Dr Goodwin, the Bishop of Carlisle indulged himself in an outpouring of outrage in a letter to the painter George Richmond, when he saw The Sculptor’s Model; ‘My mind had been considerably exercised this season by the exhibition of Alma-Tadema’s nude Venus… [there might] be artistic reasons which justify such public exposure of the female form… but for a living artist to exhibit a life-size, almost photographic representation of a beautiful naked woman strikes my inartistic mind as somewhat, if not very mischievous.’ (Vern G. Swanson, The Biography and Catalogue Raisonnee of the Paintings of Sir Lawrence Alma-Tadema, 1990, p.196)
The depiction of a naked model being sculpted by a classical artist recalls the story of Campaspe (also known as Pancaste) told by Pliny the Elder in Book XXXV of Natural History. She was the beautiful concubine of Alexander the Great, immortalised in a portrait by Apelles as Venus Anadyonome (rising from the waves - naked). Alexander was so delighted with the image that he gave Campaspe to Apelles, who had fallen in love with the girl as he painted her. There was also Phryne, another courtesan who posed for the marble Aphrodite of Knidos by Praxiteles and also a statue of herself in solid gold. When she was accused of a capital sin and brought before a tribunal, one of her lovers Hypereides stripped her naked to arouse the pity of the judges - her beauty leading to her acquital. Both Campaspe and Phryne are thought to have existed and their names have become synonymous with the creation of classical depictions of feminine beauty but there was also a legend that Alma-Tadema may have been referencing in his The Sculptor's Model - the story of Galatea. According to Ovid's Metamorphoses the sculptor Pygmalion, disappointed by the depravity of mortal women, made a statue of perfect womanhood which was brought to life by Venus. This narrative had famously been painted by Burne-Jones between 1875 and 1878 (Birmingham Museum and Art Gallery).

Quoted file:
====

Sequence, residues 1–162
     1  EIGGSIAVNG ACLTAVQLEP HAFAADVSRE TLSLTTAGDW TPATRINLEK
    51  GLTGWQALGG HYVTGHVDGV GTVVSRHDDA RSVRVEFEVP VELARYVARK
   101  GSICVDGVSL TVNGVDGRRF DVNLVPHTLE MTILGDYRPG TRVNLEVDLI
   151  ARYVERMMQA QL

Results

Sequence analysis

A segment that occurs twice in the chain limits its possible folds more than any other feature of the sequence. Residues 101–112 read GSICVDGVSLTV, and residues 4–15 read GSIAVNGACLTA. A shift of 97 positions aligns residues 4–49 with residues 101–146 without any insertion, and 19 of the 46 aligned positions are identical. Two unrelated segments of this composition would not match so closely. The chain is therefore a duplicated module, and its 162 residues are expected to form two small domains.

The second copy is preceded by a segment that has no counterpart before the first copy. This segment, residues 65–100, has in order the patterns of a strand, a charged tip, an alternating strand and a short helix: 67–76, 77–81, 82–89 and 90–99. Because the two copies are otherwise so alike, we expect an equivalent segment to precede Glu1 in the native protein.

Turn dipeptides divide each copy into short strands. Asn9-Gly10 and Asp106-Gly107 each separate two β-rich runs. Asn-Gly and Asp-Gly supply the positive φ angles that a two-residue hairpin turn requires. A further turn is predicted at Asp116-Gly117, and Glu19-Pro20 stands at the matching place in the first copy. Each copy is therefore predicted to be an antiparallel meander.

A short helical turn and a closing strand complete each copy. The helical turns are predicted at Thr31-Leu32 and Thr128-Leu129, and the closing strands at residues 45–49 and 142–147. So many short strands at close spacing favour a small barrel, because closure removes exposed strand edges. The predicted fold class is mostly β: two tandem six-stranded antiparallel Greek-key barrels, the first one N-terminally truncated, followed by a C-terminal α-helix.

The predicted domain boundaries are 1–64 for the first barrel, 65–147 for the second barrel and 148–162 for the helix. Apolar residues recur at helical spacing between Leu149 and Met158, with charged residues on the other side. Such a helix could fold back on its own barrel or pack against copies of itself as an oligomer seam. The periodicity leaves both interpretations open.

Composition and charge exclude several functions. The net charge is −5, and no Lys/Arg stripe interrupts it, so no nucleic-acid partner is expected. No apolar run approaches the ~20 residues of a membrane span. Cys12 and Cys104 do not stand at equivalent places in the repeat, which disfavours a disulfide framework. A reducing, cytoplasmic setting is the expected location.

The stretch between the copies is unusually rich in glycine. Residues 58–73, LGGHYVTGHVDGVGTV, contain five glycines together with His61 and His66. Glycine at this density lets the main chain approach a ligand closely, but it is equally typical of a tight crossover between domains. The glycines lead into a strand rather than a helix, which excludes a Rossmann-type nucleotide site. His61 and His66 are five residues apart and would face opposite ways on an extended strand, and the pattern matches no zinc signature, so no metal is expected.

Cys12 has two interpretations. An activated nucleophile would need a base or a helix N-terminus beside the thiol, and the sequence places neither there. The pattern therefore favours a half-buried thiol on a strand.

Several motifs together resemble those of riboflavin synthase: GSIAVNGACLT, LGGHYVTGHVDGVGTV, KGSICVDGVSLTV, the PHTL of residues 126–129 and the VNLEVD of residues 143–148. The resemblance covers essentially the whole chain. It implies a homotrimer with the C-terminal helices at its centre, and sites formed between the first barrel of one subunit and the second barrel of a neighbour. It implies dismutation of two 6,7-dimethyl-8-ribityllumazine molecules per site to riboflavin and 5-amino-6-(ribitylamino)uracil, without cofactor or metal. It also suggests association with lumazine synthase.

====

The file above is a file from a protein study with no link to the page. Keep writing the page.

‘Pygmalion fondled that longed-for body again and again. Yes, she was living flesh! He could feel the throb of her veins as he gently stroked and explored. At last the hero of Paphos opened his heart in the paean of thanks to Venus, and pressed his lips to the lips of a woman. She felt his kisses, and blushed; then timidly raised her eyes to the light and saw her lover against the sky.’ Metamorphoses, Ovid
The Sculptor's Model had been commissioned by Lord Monkswell, Sir Robert Collier an M.P. and Judge of the Privy Council, whose son John became a studio assistant for Alma-Tadema and a noted portrait painter with a side-line in eroticism. The Honourable John Collier’s Lilith, Clytemnestra, Tannhauser in the Venusberg and Lady Godiva were less-subtle examples of the late-nineteenth-century vogue for paintings of nude women in the guise of literary or mythological characters. When the painting passed to John Collier’s son Lawrence (named after Alma-Tadema) who was the British Ambassador for Norway, it was inadvertently packed with the possessions that he intended to display in the Embassy in Oslo. Whilst Collier was in Norway he rented his London residence to Polish refugees and upon returning to England he blamed them for stealing the picture which was missing. However, the picture had not been sent to London and had been misplaced in transit to Oslo and by some error made its way into storage in the basement of the National Gallery of Oslo where it remained until 1981.